The following times are based on the average walker. On all walks, we highly recommend you carry plenty of water and snacks. For most trails, hiking boots aren’t necessary, good sneakers will suffice. During the warmer months, we highly recommend you start walks as early as possible, and to make the walks shorter to avoid being in the gorge during the hottest part of the day.
We recommend a 4 to 6 day stay to walk the tracks, explore side gorges and visit Aboriginal art sites and enjoy the beauty of Carnarvon Gorge. To plan your walking adventures, please download the Carnarvon Gorge Walking Map and brochure before your arrival.
Key to track standards
Carnarvon National Park’s walking tracks have been classified to help you select a walk that matches your bushwalking experience and fitness. Take time to read these class descriptions before walking in the park.
The classification system is based on Australian Standards. Please note that while each track is classified according to its most difficult section, other sections may be easier.
Class 2 track
• Easy level track, suitable for all fitness levels—no previous bushwalking experience necessary
• All junctions sign-posted and may include interpretive signs
Class 3 track
• Gently sloping, well-defined track, usually with slight inclines or few to many steps
• Steep sections occur
• Caution needed on creek crossings, ladders and steps
• Reasonable level of fitness and ankle-supporting footwear strongly recommended
Class 4 track
• May be extensively overgrown; hazards such as fallen trees and rocks likely to be present
• Caution needed on creek crossings, cliff edges and naturally-occurring lookouts
• Moderate level of fitness required
• Ankle-supporting footwear required
Short walks from road into the park
Baloon Cave (Please note the Baloon Cave track is officially closed for 2019. Entry is strictly prohibited) All other walks are currently open.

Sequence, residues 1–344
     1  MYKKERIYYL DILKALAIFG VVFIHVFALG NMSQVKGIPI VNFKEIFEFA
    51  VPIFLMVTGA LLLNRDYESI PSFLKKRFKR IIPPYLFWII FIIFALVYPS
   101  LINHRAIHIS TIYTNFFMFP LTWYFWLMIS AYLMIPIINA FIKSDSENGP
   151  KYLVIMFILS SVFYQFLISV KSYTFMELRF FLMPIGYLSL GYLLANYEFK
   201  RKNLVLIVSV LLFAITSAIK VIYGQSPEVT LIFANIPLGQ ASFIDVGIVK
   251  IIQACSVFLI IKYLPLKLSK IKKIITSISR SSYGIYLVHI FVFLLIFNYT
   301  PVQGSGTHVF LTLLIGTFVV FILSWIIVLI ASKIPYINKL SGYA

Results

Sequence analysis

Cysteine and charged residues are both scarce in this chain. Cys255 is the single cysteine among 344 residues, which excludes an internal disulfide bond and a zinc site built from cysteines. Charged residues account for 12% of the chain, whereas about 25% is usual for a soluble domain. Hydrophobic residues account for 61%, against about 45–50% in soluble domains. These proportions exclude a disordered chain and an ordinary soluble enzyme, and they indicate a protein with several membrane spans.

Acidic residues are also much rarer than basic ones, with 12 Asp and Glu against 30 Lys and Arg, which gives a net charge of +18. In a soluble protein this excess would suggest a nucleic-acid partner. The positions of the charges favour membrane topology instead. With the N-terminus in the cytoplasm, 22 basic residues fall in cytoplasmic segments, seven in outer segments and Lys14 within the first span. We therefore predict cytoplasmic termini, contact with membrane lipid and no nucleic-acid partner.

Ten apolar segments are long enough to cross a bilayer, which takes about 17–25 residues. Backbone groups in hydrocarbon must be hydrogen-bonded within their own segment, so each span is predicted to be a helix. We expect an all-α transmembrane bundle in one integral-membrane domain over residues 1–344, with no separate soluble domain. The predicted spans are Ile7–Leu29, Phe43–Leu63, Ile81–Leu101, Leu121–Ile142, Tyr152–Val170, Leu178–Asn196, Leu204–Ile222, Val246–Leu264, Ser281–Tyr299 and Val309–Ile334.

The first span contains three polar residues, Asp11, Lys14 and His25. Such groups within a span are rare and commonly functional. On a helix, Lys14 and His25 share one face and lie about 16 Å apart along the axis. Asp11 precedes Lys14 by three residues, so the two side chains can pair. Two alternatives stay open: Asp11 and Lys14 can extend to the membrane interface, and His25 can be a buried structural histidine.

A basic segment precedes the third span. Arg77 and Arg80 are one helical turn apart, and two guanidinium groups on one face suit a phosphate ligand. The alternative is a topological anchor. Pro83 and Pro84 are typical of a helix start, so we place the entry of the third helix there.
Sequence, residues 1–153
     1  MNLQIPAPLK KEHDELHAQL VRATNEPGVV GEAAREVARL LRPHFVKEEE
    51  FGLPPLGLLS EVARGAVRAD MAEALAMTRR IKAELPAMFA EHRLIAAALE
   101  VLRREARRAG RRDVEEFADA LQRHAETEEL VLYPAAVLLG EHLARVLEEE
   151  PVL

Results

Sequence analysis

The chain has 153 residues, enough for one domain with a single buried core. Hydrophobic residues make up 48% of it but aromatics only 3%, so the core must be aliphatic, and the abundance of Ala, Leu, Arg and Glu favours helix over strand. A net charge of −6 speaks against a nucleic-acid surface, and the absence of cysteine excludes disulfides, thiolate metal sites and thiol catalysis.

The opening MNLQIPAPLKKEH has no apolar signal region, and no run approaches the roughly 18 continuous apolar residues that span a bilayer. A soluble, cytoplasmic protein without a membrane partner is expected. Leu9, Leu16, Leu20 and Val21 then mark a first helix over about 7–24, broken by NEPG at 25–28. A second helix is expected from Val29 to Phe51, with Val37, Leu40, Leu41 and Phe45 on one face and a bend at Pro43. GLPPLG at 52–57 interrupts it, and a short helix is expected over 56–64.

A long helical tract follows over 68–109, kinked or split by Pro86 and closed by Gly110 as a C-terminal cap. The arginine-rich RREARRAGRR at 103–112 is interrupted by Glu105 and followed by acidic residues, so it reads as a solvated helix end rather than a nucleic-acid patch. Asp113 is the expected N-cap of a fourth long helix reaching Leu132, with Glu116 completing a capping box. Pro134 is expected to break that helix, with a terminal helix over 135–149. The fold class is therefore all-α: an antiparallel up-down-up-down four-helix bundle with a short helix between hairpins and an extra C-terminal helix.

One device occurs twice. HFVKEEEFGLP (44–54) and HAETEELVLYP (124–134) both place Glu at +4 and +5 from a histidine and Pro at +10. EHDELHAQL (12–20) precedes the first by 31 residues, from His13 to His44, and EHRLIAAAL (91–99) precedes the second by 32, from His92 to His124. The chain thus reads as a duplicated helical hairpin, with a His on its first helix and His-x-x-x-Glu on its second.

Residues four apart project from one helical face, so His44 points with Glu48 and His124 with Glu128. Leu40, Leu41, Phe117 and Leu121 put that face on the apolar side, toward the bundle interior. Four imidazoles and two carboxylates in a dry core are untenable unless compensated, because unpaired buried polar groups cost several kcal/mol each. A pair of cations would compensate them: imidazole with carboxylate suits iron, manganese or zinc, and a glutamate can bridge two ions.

Located within a gap in Clematis Ridge, Baloon Cave is part of an entry point to the gorge used by Aboriginal people for thousands of years. This short walk among the fan palms and cycads leads to a small sandstone overhang featuring a fine example of stenciled Aboriginal rock art. The only officially wheel-chair friendly track in the park, this is a beautiful, easy stroll with interpretive signage along the way.
1km return (45 minutes) Class 2
Mickey Creek Gorge
One of the nicest of all walks in the park, this trail is ideal for those looking for a short walk. After about 1km, you come to a fork in the track. The left-hand fork follows Mickey’s Creek for another 500 metres. A beautiful place, it features small rapids in the creek, tree ferns and high cliffs and swamp wallabies are often seen resting here. The right-hand fork goes to Warrumbah Gorge. One of the most spectacular places in the park, this narrow defile is only metres wide, but some 40 metres deep. It’s a beautiful cool place in warm weather, and in cooler weather, take a jumper just in case! Once you reach the sign which says ‘formed track ends here’, just keep going. After only a hundred metres, the gorge narrows right down to the point where you can touch both sides easily! Just be aware that the creek bed here is very rocky, with rounded stones which can be slippery, so extra caution is needed.
3km return (1.5 hours) Class 3
A deep, natural waterhole, the Rock Pool has been carved from the bed of Carnarvon Creek by the turbulent water of past floods, and it’s the only place in the park that swimming is allowed (if swimming, please do not jump or dive into the pool). Even if you don’t want a dip, it’s worth the short walk to get views along the creek toward the gorge entrance. Rest in the shade of fig and casuarina trees and watch for platypus and turtles. The picnic area includes toilets and gas barbecue.
To find the Rock Pool, drive 2km toward to gorge, park in the Rock Pool carpark on the right, then follow the walking track past the toilet block, cross the creek, then the track veers to the right. The first pool is not the Rock Pool. The pool proper is the next one downstream – cross the creek a second time to find it.
600m return (1 hour) Class 3
Another lovely walk follows the creek upstream from near the Rock Pool toilet block to the Park Visitor centre.
3.5km in length (1.5 hours return) Class 3